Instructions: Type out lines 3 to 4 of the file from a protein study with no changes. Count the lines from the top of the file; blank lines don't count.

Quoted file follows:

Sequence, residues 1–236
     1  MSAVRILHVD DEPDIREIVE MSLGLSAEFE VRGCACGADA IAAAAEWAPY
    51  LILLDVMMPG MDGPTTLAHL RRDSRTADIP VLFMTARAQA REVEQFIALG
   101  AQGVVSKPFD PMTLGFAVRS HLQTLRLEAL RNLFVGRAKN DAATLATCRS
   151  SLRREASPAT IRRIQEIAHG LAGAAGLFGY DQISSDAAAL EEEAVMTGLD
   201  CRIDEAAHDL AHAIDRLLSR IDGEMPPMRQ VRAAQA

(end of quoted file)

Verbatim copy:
    51  LILLDVMMPG MDGPTTLAHL RRDSRTADIP VLFMTARAQA REVEQFIALG
   101  AQGVVSKPFD PMTLGFAVRS HLQTLRLEAL RNLFVGRAKN DAATLATCRS